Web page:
Why was the sustainability aspect so important?
It wasn’t, to be honest—when I began, it wasn’t at all important to me. It wasn’t even something I considered or thought about as I started to deal with people and learn more about the industry. I discovered that the water streams were being polluted by the garment industry. That in fact, the women I was trying to help were feeding their infants water from these streams. So you cannot separate them. It’s not possible. And so for me it’s been a huge learning curve to where I’m actually now passionate about that. Whereas once upon a time I never was.
How do you bring an environmentally friendly but also altruistic kind of ethos to your everyday life? So when you’re not working, what is it that you do?
Yeah, that’s a challenge. It really is, you know. In our office, we’re not allowed to use plastic water bottles, that was hard for me to stop doing, you know? I’d walk in, I’d have our team going, 20 push ups! That was our punishment in our offices, 20 push ups. One of our biggest polluting problems today is our takeaway coffee, coffee cups. Drink it out of a mug. There’s just simple things every single day that you don’t realize the impact that you’re having.
What was the design process and the fit process?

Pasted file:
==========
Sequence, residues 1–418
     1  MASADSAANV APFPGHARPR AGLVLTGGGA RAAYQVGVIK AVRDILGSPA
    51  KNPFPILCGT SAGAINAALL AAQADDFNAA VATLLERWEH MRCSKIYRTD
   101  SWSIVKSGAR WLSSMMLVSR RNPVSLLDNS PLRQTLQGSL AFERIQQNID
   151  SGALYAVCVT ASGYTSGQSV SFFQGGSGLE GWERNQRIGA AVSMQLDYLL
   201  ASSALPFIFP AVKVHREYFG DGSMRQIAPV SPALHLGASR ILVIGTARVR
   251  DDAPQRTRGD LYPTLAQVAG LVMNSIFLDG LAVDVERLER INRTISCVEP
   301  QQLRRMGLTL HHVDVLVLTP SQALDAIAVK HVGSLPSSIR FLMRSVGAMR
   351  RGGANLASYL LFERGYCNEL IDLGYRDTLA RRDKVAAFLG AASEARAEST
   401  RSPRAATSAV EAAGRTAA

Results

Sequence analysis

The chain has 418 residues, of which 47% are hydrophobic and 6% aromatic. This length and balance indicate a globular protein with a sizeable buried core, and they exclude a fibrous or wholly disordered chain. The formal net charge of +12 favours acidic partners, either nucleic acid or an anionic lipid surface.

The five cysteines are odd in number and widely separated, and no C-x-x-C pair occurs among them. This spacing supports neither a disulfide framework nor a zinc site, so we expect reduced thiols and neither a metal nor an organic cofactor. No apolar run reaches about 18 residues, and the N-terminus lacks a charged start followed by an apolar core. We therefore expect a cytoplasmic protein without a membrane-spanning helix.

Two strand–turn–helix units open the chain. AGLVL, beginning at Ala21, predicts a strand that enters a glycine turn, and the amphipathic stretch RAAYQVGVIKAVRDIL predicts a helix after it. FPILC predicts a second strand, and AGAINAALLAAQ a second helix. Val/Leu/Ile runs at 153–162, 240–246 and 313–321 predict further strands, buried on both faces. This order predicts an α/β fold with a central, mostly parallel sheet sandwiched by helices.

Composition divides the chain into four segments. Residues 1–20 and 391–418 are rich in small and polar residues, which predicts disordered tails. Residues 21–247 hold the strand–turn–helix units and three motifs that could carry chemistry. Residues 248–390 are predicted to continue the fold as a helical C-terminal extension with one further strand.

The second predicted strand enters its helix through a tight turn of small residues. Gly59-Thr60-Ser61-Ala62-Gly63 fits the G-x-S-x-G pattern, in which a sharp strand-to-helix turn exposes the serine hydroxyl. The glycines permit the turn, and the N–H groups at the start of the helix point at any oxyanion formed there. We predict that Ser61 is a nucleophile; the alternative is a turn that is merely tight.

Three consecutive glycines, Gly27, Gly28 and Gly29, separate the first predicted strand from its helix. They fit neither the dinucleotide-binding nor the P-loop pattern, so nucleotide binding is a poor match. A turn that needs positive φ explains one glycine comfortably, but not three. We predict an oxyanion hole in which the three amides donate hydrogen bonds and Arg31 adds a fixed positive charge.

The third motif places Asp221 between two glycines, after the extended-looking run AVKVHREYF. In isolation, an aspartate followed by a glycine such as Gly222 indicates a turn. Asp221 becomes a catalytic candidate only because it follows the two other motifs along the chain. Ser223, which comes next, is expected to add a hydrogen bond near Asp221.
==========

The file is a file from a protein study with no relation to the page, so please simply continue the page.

For us that was a really long process. We started with the Isabel jean. It’s named after my eldest daughter. That was the jean that we wanted to be our staple women’s jean, a fit that fitted a wide range of people. We went for a slightly higher mid-rise jean. A normal mid-rise jean is around eight and a half inches, we have gone for nine and a half. And, it’s a skinny jean. The fabric composition has really good recovery. So they don’t blow out, or look baggy in the knees, or anything like that, which was really, really important. We’re slow fashion. So getting these beautiful silhouettes done right before we launch was really important and we think we’ve done a good job with it. We’re really proud of it.
You have denim jackets as well—do you have plans to start working with cottons and make this label a lifestyle brand?
Absolutely. We want to be the core basics in your wardrobe. It might bring a fashion element to it. We’ve got jackets, and the tee shirts have already gone through the sampling processes and are ready to launch. Expansion is absolutely necessary, because if you’re going to buy a denim jacket, we want you to buy ours. If you want to buy a tee shirt, we want you to buy ours. We want to continue to grow and develop and bring beautiful basics to the market.